During the last year or so, my dad has been reading through a lot of books for work. They’ve had various titles, but they all mentioned lean thinking or the lean workplace. Though I was always interested in learning about the subject, during senior year I never managed to pick one up. During the summer though, with college on the horizon and following my dad’s encouragement to read them, I started to read, and was amazed.
For those who haven’t heard of lean before, it’s a philosophy about how to make your life and your work more efficient and less wasteful. Now this may sound like a lot of self-help formulas that you’ve heard before, all of those books you’ve see on the shelves at stores promising to make everything great in just a few hours of reading, which is why I was kind of skeptical of the concept. After I was only a few pages into the book though, I could see this was different from other strategies I’ve seen before.
The book is called 2-Second Lean, and is written by a businessman from Washington state named Paul Akers. The author is a very relatable person, who has been living his own American dream of starting his own company and selling products related to his hobby of woodworking. While he gets off to a good start soon after opening for business, he realizes he needs a new way of doing things to really make his business successful. Taking a trip with other businesspeople to Japan, he learned about lean thinking and started to apply it to his business and his life.
Lean is derived from the Toyota Production System, the operational philosophy of the world’s top-selling carmaker. Within their company decades ago, they decided the best way to run affairs and make it better was to always look for improvements that could be made in their processes, and to allow employees to take initiative and suggest changes that would better the workplace. It essentially makes every member of a company an equal contributor to finding new efficiencies and reducing waste at all levels from the entry-level employee to the CEO.
Akers applied these concepts to his company with the help of two consultants and the results were spectacular, but only after a few assumptions were challenged first. One of these revelations that really caught me was that of the inefficiency of a production-line, mass-production system. You would assume building hundreds of pieces of inventory at once and then storing them for sale would be good for a company’s efficiency right? Employing lean thinking though, you can see how this is actually a bad idea. If you manufacture too much inventory, it wastes the resources needed to make it just sitting on shelves waiting to be sold. And if there are mistakes made, they could affect the whole batch. Counterintuitively, it was better for the company to build things to order, saving time, resources and mistakes.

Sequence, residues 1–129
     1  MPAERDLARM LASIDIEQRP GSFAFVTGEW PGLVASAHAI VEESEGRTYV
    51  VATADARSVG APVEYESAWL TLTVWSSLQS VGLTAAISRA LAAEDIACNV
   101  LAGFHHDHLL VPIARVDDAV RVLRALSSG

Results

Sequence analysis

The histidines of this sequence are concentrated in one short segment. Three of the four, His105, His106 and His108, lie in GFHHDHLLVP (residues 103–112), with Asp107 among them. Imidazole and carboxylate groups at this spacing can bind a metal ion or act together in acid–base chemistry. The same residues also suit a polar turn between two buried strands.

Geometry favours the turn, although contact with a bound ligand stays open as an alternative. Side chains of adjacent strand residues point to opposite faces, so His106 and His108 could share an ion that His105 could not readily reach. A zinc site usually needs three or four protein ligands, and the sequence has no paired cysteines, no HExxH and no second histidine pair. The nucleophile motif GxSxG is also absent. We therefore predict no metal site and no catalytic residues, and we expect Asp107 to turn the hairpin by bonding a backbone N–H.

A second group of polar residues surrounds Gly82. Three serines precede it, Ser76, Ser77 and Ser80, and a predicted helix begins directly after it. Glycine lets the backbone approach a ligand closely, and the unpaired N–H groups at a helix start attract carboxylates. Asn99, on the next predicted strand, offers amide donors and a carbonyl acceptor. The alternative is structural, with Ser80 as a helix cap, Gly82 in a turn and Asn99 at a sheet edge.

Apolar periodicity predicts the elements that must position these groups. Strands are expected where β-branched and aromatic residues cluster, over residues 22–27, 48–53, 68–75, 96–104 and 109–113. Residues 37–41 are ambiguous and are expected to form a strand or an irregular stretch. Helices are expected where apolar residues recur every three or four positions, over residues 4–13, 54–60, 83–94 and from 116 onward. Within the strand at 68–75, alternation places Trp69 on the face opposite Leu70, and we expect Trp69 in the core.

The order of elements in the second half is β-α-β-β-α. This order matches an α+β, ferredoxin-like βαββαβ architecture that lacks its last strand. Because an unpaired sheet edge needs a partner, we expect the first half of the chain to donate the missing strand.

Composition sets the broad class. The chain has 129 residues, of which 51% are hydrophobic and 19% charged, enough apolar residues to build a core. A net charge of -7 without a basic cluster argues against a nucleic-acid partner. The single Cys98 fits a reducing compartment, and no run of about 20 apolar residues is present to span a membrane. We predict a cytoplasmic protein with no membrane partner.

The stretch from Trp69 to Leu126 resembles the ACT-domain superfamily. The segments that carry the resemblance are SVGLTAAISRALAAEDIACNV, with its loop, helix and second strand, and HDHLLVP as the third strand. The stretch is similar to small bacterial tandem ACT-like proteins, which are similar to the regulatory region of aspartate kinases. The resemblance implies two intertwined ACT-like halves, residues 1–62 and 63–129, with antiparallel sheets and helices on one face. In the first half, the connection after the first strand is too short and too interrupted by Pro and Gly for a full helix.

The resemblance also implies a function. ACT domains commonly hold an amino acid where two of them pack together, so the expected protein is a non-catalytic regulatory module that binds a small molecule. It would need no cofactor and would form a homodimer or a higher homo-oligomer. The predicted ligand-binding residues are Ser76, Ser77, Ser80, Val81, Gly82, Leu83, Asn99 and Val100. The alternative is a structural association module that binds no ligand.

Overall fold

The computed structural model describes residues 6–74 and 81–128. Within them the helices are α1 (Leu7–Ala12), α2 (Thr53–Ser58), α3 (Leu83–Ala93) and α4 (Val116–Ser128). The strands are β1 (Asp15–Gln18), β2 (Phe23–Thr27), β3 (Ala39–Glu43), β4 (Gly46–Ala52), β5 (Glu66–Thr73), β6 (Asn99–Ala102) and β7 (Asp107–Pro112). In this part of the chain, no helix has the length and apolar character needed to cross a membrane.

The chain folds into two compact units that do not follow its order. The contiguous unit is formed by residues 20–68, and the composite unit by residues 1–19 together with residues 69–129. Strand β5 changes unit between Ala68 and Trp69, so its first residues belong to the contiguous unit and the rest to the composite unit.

So what can this strategy do for you? Lean isn’t just for business. Akers talks about how he employs its strategies in all aspects of his life, making his morning routine more efficient for example. And that’s really what lean is all about, finding small inefficiencies and slowly making your day less work and more enjoyable at the same time. Think about what loses you minutes, or even seconds each day, and little by little, you’ll find more and more extra time and energy saved.
I can even employ it here at university. My German professor recently had our class read an article about how the internet and technology actually makes it harder to learn with all of its distractions. Students often talk about how they have little time to study, but if you think about all the time wasted from checking phones or clicking around tabs online while studying, you really can cut down your homework time and create more free time for yourself.
Lean thinking isn’t an end all be all, but when I first took a good look at it, it really made me think about how it’s really just simple and practical. Lean thinking is a great concept because it doesn’t promise the world if you just do one big thing. It’s about taking small steps every day to make a big difference in your life.
Connor Kockler is a student at St. John’s University. He enjoys writing, politics and news, among other interests.